Les Moonves is out to get Aereo by any means necessary, but he “doesn’t lose sleep over it,” the CBS Corp president and CEO told the Milken Institute’s Global Conference today. “Barry Diller has done what he likes to do, disrupt things,” Moonves added. However, the CBS chief did say that if the situation couldn’t be resolved in the courts, he is more than willing to take CBS to cable. “We can do it in a few days. If we go to cable, if we are forced to, then about 10% of America will not get our signal and I don’t think they will like that,” Moonves said Tuesday. The CBS chief said that with around 2,000 subscribers in NYC, the “illegal” Aereo won’t hurt the network but that he still intends to shut them down. “We will go after them in the courts and if that doesn’t work there are other remedies. There are financial remedies; there are congressional remedies.” On Monday at the conference, IAC CEO Diller said that CBS and the other broadcasters suing Aereo want Congress to save them if their copyright infringement suits fail. Fox and Univision have also threatened to move to cable if Aereo prevails.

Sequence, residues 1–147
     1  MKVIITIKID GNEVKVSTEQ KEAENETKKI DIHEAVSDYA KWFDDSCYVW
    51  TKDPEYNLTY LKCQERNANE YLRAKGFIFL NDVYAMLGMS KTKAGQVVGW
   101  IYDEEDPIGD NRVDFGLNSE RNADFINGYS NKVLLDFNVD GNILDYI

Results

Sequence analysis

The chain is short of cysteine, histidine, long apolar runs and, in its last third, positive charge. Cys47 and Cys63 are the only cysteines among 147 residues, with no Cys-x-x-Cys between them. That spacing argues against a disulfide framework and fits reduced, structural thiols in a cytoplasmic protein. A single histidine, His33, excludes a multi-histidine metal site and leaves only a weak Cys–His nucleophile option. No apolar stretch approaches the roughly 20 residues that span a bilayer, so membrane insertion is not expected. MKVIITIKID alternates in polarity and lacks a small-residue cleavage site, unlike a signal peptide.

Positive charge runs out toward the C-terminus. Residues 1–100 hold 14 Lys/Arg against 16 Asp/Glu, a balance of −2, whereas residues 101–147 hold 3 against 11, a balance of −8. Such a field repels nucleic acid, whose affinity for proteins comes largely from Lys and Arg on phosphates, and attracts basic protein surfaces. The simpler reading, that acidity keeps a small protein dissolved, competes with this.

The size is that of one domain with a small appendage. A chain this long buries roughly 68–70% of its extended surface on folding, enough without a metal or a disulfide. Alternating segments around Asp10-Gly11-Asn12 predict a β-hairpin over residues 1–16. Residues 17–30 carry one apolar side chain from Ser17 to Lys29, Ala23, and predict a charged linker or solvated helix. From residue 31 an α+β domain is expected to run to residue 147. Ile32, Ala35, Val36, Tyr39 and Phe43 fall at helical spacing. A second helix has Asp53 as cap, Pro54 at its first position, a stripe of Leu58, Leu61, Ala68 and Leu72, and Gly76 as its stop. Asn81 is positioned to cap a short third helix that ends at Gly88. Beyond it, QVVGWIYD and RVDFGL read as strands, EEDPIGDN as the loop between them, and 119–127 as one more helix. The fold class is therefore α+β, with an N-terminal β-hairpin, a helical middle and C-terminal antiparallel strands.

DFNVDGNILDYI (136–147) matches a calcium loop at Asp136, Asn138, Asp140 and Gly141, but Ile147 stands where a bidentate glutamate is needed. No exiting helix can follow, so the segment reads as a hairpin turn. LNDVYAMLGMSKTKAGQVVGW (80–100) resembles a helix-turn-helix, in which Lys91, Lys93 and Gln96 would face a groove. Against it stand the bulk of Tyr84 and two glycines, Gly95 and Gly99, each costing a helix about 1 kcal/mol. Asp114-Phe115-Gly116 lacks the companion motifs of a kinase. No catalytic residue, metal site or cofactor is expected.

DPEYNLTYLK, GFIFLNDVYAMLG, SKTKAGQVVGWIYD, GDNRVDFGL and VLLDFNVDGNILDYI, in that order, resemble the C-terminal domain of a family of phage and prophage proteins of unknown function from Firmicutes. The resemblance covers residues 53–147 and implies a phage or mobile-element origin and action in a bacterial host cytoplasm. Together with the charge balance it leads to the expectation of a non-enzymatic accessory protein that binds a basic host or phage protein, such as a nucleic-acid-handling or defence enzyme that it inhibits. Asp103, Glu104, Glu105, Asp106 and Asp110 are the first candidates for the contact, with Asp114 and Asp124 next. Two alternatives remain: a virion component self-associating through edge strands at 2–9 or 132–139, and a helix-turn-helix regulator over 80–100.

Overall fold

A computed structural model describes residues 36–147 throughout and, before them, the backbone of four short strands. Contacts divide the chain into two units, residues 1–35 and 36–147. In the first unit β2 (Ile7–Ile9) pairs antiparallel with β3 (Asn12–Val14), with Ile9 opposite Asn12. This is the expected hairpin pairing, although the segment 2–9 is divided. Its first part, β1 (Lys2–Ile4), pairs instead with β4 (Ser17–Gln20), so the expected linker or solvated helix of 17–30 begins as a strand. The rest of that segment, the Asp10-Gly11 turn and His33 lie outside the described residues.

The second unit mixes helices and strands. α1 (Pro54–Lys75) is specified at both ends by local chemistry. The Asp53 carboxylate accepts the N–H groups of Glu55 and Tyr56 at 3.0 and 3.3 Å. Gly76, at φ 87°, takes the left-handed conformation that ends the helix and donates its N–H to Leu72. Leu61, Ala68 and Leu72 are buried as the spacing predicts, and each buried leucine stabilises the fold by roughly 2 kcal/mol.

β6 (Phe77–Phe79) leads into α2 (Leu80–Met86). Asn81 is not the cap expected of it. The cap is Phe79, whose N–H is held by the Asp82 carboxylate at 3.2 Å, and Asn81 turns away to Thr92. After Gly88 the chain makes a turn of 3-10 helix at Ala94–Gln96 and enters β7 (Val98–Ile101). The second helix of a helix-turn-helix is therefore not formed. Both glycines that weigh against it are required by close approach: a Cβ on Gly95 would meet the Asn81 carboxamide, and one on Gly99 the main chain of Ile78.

Moonves was joined on the panel by by Sony Entertainment CEO Michael Lynton, Clear Channel CEO Robert Pittman and Valhalla Entertainment CEO and Walking Dead executive producer Gale Anne Hurd. On the subject of new platforms, Moonves said that he thought the obviously-for-sale Hulu would eventually end up as a pay service like the current Hulu Plus. CBS does not participate in free Hulu. “I didn’t think it was a good idea to be in business with my competitors. My content is my family jewels. I don’t want to share that,” he said of the decision to stay off Hulu. Lynton told the well-heeled crowd that he was not interested in Sony buying Hulu.
Talking about the power of social media to influence box office, the Sony boss did venture into how much heft marketing has in modern Hollywood. “When it is good, it spreads fast. When it is bad, it spreads fast,” he said of digital word-of-mouth for movies, especially on opening weekends. “There is only a percentage of what we do that is very good, the rest is marketing,” he said to laughter from his fellow panelists.
Shifting gears to the movie business, Lynton predicted that “it’s going to be a good summer in terms of box office. It’s a scary summer when I see the giant movies that are coming, but they are big brands and movies that people want to see,” he added. However, the Sony Entertainment CEO also noted that blockbusters aren’t the only movies Hollywood should or can make. “The mistake that people make about the mid-range movie and that it is the DMZ — you don’t want to trip into who it is for. If you make a $50 million movie that is for older men, like The Expendables, you clean up,” he argued.
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